These 6 Utah Schools Set Up $31,000 State Grants To Improve Safety Training

It has been more than two months since the mass shooting at Robb Elementary School in Uvalde, Texas, left 21 people dead. After shooting, many Utahns felt anxious, fearful and sad — and those feelings are rising again as we approach another K-12 school year.

To ease concerns, some schools in Utah are improving safety measures.

Six schools received the School Safety Pilot Program Grant, which offers each school up to $31,250 to improve safety measures. Recipients include Cedar Valley High School and Frontier Middle School in the Alpine School District, Mountain Crest High in the Cache County School District, Union Middle School in the Canyons School District, Northridge High in the Davis School District, and North Sanpete High in the North Sanpete School District.

Rhett Larsen, student and school safety specialist at Utah State Board of Education, said the grant does not fund “school hardening.” That means the money can’t be used for things like extra locks, cameras, and bulletproof glass.

“These funds are provided to increase confidence in school security measures like threat assessments, which is a critical part of helping to support our schools,” Larsen said.

And that’s what these schools do.

Larsen said the North Sanpete School District used its funds to partner with the I Love U Guys Foundation to conduct reunification training. The idea is to help parents and students find each other in the event of a crisis. The foundation was launched after the death of Emily Keyes, daughter of Ellen and John-Michael Keyes, in a school shooting. She texted both her parents that day, saying “I love you guys.”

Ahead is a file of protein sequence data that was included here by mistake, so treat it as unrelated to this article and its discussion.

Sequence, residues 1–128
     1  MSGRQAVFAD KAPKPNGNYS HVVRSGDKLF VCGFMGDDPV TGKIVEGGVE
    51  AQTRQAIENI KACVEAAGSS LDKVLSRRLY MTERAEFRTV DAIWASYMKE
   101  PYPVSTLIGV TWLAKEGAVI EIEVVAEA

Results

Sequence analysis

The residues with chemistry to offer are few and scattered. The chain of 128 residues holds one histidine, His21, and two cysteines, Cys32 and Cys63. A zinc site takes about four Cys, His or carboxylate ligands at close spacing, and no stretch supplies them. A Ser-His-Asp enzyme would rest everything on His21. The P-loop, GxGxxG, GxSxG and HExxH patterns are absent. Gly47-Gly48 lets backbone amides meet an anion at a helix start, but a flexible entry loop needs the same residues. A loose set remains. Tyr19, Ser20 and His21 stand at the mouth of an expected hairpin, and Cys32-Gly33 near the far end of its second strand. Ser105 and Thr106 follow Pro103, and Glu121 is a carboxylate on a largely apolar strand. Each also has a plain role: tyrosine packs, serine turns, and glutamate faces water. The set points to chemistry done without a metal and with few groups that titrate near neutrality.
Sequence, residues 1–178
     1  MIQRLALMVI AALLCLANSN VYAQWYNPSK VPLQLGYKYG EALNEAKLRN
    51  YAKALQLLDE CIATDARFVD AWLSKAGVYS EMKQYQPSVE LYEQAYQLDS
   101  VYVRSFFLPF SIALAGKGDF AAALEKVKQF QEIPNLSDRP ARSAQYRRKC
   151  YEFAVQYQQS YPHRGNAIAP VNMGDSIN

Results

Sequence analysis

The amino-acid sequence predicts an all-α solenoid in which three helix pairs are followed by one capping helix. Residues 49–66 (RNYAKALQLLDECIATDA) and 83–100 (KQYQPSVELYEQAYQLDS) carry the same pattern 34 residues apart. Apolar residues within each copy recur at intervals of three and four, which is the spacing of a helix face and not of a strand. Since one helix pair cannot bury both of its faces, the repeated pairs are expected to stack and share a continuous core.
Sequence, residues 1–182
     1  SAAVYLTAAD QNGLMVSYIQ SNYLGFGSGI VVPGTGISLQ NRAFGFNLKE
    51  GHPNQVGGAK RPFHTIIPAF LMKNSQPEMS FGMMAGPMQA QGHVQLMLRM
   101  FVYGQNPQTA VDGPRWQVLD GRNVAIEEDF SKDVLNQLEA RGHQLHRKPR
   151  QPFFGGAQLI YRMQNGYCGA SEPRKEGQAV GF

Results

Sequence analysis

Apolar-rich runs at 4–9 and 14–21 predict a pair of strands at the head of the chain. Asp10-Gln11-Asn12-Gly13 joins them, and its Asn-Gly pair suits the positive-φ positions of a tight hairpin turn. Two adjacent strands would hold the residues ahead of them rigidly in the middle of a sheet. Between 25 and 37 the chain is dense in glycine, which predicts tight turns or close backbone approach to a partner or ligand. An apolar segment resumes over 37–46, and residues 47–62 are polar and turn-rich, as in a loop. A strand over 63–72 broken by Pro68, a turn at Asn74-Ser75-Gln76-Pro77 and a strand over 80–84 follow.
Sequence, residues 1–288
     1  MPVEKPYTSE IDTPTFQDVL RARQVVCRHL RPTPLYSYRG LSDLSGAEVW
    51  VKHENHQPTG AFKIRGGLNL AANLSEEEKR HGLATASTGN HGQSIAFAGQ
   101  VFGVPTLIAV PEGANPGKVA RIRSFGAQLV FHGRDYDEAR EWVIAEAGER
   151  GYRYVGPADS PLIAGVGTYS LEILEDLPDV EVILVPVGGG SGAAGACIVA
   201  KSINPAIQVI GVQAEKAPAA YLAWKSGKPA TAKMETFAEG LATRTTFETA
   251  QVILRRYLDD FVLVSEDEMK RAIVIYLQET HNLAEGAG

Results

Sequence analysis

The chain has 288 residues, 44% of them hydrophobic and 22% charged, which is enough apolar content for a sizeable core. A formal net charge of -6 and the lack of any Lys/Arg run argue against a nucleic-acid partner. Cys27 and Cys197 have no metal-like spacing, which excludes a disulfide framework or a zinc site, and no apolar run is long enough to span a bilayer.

Jarom Bécar, director of Frontier College, said his school also used funds for training. One was in Comprehensive School Threat Assessment Guidelines. It teaches trainees how to deal with different threats of violence, respond appropriately and implement a security plan.

“It’s never OK when we have kids who are hurting,” Becar said. “It’s our job to try to mitigate and create opportunities to help and support children.”

The school’s training helped everyone feel safer, but Bécar said that couldn’t erase all the worries.

“I’m not going to sit here and tell you, yeah, we did these trainings, and I feel like we’re prepared enough to avert something terrible for one of my kids,” he said. he declared. “But this conscious effort that we make every day and to take care of each other, not just at school, but in our communities, in our homes, is so important.”

The School Safety Pilot Program Grant is now accepting applications for funding for 2023.

Maria D. Ervin